London — Bosch is to start full-scale production of fuel cell-based distributed power stations in 2024, with initial annual production of 200 MW, the German appliance manufacturer said Dec. 7.
Não está cadastrado?
Receba e-mails diários com alertas, notas ao assinante; personalize sua experiência.Cadastre-se agora
The decision extends a partnership with UK solid oxide fuel cell developer Ceres Power following a prototype construction phase, it said.
An annual production capacity of 200 MW was "enough to supply around 400,000 households with electricity", Bosch said.
Stationary fuel cell power generation systems can run on natural gas or hydrogen, delivering efficiency in power-only mode of 60% close to the point of use, largely eliminating grid losses. If renewable hydrogen is used, there are no associated carbon emissions from the entire generation value chain.
Bosch said it would build the systems at manufacturing sites in Bamberg, Wernau and Homburg, as well as at engineering sites in Stuttgart-Feuerbach and Renningen, investing "hundreds of millions of euros by 2024".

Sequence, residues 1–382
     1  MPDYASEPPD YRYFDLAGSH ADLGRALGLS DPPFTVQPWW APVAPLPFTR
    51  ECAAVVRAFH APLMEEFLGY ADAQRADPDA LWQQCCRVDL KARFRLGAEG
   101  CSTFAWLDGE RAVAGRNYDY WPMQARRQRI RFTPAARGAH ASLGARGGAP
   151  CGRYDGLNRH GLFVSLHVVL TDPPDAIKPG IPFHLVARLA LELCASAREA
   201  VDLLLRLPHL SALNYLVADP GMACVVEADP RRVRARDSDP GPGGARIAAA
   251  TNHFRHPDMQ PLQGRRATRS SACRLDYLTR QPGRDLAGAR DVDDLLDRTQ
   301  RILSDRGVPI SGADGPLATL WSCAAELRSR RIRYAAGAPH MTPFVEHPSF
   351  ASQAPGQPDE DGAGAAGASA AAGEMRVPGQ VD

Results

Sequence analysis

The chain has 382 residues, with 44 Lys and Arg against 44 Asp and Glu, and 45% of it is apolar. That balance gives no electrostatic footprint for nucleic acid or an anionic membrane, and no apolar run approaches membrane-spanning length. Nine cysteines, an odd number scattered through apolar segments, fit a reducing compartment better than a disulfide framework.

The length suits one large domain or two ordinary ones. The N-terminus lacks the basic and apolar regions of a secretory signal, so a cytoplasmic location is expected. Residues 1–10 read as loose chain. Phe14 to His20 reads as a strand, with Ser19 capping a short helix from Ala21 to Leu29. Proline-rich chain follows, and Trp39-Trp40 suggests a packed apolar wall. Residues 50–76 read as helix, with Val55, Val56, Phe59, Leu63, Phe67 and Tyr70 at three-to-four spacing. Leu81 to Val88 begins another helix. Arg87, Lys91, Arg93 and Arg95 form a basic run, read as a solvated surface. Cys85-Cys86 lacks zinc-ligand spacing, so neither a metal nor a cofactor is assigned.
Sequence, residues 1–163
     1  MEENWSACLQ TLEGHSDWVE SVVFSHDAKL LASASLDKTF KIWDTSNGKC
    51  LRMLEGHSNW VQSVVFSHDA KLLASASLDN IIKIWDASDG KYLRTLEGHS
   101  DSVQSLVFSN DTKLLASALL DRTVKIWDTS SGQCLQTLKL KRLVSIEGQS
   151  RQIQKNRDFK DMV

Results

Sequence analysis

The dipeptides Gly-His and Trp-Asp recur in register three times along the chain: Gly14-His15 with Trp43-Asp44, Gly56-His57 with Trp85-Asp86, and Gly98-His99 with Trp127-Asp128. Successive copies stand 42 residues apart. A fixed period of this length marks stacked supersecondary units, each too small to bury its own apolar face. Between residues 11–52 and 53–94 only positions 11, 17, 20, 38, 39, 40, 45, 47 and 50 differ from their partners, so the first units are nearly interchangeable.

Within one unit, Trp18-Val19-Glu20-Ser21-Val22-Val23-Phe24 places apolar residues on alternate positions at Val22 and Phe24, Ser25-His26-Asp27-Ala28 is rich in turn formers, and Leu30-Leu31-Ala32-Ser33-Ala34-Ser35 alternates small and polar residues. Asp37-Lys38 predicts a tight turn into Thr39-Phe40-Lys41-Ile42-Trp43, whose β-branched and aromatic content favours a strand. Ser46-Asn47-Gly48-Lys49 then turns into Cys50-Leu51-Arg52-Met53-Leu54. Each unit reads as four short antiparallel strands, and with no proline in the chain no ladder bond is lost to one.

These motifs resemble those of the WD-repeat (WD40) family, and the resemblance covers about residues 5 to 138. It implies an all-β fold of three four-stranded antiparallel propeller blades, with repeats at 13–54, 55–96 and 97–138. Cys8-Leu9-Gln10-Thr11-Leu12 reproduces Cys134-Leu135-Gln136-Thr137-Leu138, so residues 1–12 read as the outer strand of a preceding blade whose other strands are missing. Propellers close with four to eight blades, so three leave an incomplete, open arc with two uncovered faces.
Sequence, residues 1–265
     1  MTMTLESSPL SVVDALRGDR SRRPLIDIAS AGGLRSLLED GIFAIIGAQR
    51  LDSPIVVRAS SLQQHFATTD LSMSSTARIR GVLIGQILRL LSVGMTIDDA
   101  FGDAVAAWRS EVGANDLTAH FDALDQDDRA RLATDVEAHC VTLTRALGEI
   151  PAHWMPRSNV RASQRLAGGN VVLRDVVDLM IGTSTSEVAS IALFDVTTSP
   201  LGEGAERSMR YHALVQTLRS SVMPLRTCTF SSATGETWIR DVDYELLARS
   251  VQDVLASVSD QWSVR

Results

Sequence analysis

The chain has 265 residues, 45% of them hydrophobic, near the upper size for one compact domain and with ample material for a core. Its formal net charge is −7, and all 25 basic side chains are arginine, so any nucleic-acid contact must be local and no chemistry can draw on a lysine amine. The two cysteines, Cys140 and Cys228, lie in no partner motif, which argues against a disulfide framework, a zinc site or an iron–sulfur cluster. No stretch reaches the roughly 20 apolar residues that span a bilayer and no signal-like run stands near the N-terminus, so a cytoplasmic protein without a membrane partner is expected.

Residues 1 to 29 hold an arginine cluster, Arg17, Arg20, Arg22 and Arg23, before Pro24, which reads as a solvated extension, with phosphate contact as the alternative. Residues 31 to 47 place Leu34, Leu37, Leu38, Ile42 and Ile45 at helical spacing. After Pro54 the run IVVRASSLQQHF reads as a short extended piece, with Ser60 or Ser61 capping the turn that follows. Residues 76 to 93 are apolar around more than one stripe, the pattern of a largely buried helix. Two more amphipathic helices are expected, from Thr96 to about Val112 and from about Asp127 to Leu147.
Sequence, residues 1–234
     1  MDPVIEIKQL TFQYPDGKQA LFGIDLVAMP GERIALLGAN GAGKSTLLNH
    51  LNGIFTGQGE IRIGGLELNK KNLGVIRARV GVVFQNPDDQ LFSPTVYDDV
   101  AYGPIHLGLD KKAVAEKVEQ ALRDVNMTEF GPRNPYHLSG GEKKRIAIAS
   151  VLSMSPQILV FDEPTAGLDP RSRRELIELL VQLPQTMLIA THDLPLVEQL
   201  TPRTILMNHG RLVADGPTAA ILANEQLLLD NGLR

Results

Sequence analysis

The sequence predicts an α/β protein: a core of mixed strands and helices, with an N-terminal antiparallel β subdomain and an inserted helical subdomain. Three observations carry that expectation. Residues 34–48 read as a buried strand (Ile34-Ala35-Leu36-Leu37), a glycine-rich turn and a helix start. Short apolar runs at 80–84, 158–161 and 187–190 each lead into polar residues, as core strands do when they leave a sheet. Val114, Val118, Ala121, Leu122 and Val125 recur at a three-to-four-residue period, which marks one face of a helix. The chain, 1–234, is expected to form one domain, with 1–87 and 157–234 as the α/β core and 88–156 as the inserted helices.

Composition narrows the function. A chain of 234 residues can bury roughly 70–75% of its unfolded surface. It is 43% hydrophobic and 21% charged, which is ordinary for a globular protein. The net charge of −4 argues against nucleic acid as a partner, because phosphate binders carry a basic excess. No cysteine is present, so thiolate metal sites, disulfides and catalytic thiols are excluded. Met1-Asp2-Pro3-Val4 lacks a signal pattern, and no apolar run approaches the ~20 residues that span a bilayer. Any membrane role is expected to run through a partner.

It estimated the market for decentralized power generation systems would reach Eur20 billion ($24 billion) by 2030.
"We are pooling Bosch expertise from across several divisions," Bosch board member Christian Fischer said. "With stationary fuel-cell systems, Bosch is establishing a new business field in which development, manufacturing, sales, and service come from a single source."
Bosch, which has been working with Ceres Power since 2018, acquired a 17.6% stake in the company in January. Their alliance has been extended to include the phases leading up to full-scale production in 2024.
Ceres Power said the units would be used initially for decentralized power generation in cities, factories, data centers and electric vehicle charging infrastructure.
The value for Ceres of the extended partnership was put at GBP23 million to 2023, of which GBP6 million ($8 million) was conditional on meeting performance-based indicators.
"Ceres anticipates that initial production will satisfy demand for Bosch fuel cell systems, but in time could expand to meet the growing global demand for SteelCell based stacks in multiple third party systems," the UK company said.
On Oct. 19, Ceres announced an agreement with Doosan to build a 50-MW facility for the manufacture of fuel cell stacks in South Korea.
In China and Japan the company has licensing deals with Weichai and Miura, respectively.